In addition, pending provincial approval, the hub will be home to a Consumption and Treatment Site (CTS). The application to operate a CTS has been in the province’s hands for some time now. According to MSORT program manager Kerry Kightley, that’s far from an ideal situation.

“It’s very frustrating to be waiting (for CTS approval) because there are people dying,” she said.

“We hear that we are one of two applications that are moving forward. We’re hoping our local MPP can put some pressure on the provincial government to see that application move forward. We’re hoping demonstrations of support from our community also puts some pressure on the provincial government saying that this is needed and wanted.”

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While that approval is pending, Kightley said the campaign result has “given us a little bit of hope, a little bit of reassurance, that Peterborough, as a community, is quite supportive” of not only the services the hub will provide but also those of a CTS.

“This isn’t just about using substances, this is about connecting people to the supports that they need,” Kightley said. “When we walk through the door of the hospital, we all feel uncomfortable with ‘Where do I go? Who do I connect with?'”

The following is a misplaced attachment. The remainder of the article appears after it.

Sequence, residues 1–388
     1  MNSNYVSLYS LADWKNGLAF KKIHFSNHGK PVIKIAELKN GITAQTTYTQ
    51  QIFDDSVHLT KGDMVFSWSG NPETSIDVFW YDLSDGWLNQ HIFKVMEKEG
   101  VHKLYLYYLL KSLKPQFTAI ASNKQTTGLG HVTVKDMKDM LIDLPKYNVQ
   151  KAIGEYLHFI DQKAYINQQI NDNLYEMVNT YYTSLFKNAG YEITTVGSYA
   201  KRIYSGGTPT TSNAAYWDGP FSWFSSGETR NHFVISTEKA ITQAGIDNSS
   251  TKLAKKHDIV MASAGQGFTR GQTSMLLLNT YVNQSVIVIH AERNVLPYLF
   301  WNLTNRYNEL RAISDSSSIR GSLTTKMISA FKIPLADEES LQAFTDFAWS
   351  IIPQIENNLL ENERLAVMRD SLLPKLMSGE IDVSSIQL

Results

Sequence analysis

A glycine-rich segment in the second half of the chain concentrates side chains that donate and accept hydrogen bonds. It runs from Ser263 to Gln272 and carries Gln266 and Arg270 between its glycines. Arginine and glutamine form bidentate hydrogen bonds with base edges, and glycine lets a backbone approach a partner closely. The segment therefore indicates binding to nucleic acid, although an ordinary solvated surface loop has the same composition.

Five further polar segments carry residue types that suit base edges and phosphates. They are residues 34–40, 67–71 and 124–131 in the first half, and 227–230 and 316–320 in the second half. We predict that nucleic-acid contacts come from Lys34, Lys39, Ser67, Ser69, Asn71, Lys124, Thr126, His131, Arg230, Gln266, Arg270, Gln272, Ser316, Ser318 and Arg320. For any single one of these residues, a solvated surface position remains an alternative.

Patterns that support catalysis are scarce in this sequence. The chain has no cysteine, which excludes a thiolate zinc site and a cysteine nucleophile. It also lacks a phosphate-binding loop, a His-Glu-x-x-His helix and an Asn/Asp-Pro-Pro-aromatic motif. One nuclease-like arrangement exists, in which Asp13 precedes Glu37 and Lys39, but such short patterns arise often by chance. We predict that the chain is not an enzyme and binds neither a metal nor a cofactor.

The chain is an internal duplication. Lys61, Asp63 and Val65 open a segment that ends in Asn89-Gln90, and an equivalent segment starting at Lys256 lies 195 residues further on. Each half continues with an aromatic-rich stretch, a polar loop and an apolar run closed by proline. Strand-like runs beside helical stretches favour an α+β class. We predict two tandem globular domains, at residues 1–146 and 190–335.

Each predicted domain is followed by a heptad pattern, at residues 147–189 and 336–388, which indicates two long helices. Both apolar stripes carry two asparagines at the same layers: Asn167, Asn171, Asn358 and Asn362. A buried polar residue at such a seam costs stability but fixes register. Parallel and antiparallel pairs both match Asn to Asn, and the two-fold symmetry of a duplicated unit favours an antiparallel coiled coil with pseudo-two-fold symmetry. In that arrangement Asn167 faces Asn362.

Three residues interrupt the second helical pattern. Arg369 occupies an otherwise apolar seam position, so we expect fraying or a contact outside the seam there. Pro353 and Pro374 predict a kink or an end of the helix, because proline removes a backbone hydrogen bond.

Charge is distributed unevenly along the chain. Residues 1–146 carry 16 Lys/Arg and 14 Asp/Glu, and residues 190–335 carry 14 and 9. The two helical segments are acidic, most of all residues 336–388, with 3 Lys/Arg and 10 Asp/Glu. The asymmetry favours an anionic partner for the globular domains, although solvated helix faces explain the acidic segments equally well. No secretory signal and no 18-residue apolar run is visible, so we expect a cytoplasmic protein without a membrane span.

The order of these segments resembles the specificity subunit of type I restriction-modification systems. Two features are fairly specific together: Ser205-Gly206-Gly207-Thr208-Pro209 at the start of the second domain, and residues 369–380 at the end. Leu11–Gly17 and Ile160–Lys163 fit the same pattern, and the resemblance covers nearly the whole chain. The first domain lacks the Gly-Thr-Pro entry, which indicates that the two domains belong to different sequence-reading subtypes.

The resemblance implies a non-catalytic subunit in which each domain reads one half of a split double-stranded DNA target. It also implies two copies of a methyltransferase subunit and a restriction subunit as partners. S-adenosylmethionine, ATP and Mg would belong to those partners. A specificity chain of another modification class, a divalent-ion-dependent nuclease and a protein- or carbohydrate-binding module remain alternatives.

“Our team will be able to navigate the health system, and social services system supports, for folks who are affected by the drug poisoning crisis and help link them to those services and help them retain those services.”

Extensive renovations to the former Greyhound Bus Terminal at 220 Simcoe Street (at Aylmer Street) are very close to complete, clearing the way for Peterborough’s Opioid Response Hub to open at that location in early 2022.  (Photo: Paul Rellinger / kawarthaNOW)
Extensive renovations to the former Greyhound Bus Terminal at 220 Simcoe Street (at Aylmer Street) are very close to complete, clearing the way for Peterborough’s Opioid Response Hub to open at that location in early 2022. (Photo: Paul Rellinger / kawarthaNOW)